Joe Lieberman has never been an electrifying speaker, but his speech tonight sounded particularly flat—which makes sense, since he was kind of backed into a corner. What he wanted to emphasize was the maverick angle: John McCain puts principle over party, yadda yadda. But the best examples Lieberman had on hand—campaign finance reform, immigration, the "Gang of 14" compromise on judicial nominees—are still sore points with the conservative base, which meant that he couldn't really dig in: It's not like he was going to remind everyone how McCain once pissed off Rush Limbaugh by backing amnesty for illegal immigrants.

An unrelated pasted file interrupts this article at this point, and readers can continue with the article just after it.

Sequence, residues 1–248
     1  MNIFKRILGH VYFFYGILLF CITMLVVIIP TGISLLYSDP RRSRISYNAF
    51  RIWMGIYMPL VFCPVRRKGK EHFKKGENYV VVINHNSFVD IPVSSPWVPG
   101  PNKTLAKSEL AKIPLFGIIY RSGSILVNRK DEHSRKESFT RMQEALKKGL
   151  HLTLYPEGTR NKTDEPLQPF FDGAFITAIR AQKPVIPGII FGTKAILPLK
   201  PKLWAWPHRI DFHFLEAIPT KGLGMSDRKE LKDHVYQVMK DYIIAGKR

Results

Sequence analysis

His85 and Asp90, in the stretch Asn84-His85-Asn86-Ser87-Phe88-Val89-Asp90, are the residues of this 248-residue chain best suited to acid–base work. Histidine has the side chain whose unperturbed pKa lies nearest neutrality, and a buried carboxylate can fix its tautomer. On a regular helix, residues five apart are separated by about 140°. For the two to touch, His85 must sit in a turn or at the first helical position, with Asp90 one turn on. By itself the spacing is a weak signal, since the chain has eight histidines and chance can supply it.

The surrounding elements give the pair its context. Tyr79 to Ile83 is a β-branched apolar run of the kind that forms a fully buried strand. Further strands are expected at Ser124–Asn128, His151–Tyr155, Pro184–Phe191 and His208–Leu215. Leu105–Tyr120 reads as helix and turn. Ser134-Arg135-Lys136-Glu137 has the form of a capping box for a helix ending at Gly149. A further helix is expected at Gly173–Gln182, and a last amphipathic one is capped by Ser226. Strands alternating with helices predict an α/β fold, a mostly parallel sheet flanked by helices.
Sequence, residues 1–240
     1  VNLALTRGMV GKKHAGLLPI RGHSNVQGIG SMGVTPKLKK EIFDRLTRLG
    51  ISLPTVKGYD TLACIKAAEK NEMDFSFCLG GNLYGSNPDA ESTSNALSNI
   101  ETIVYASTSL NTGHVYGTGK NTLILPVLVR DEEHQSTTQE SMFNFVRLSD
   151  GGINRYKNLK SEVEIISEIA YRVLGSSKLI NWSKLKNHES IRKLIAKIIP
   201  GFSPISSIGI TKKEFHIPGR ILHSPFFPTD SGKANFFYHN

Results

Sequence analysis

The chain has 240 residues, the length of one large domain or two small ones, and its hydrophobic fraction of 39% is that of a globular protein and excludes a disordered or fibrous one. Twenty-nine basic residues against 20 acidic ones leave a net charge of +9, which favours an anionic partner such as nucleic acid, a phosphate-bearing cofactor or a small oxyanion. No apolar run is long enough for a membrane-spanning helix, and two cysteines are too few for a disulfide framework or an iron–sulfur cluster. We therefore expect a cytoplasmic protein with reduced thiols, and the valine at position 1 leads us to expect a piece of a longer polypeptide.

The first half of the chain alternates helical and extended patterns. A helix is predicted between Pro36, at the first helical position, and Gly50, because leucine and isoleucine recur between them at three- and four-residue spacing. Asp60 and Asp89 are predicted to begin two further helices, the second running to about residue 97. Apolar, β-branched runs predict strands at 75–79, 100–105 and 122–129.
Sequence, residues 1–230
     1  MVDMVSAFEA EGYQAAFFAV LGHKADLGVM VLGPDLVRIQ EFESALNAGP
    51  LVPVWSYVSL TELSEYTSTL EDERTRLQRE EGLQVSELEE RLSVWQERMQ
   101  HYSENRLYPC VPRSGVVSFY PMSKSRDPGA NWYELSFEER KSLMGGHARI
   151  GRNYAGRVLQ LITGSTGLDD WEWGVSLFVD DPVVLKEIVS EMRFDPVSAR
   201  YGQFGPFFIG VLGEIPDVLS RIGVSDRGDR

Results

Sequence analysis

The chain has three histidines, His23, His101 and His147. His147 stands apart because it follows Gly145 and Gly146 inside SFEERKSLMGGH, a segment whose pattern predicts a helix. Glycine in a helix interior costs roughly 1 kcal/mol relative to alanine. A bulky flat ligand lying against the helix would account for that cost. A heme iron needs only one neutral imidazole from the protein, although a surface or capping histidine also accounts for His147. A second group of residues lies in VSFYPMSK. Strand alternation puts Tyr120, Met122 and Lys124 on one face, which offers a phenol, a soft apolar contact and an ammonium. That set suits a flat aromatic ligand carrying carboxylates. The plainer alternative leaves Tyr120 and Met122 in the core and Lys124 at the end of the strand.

In any case, McCain has heaved most of his one-time contrarianism overboard. He had a nomination to win, after all. So the maverick storyline is a tough sell—the best option is to dance around it it with airy platitudes, which is what Lieberman did. Maybe that will still play well independents, or whoever on earth might find still Lieberman avuncular and reassuring, but it's a much harder message to make compelling—especially at a convention—than "ready to lead," which I'd assumed was the intended focus before Sarah Palin came along.

--Bradford Plumer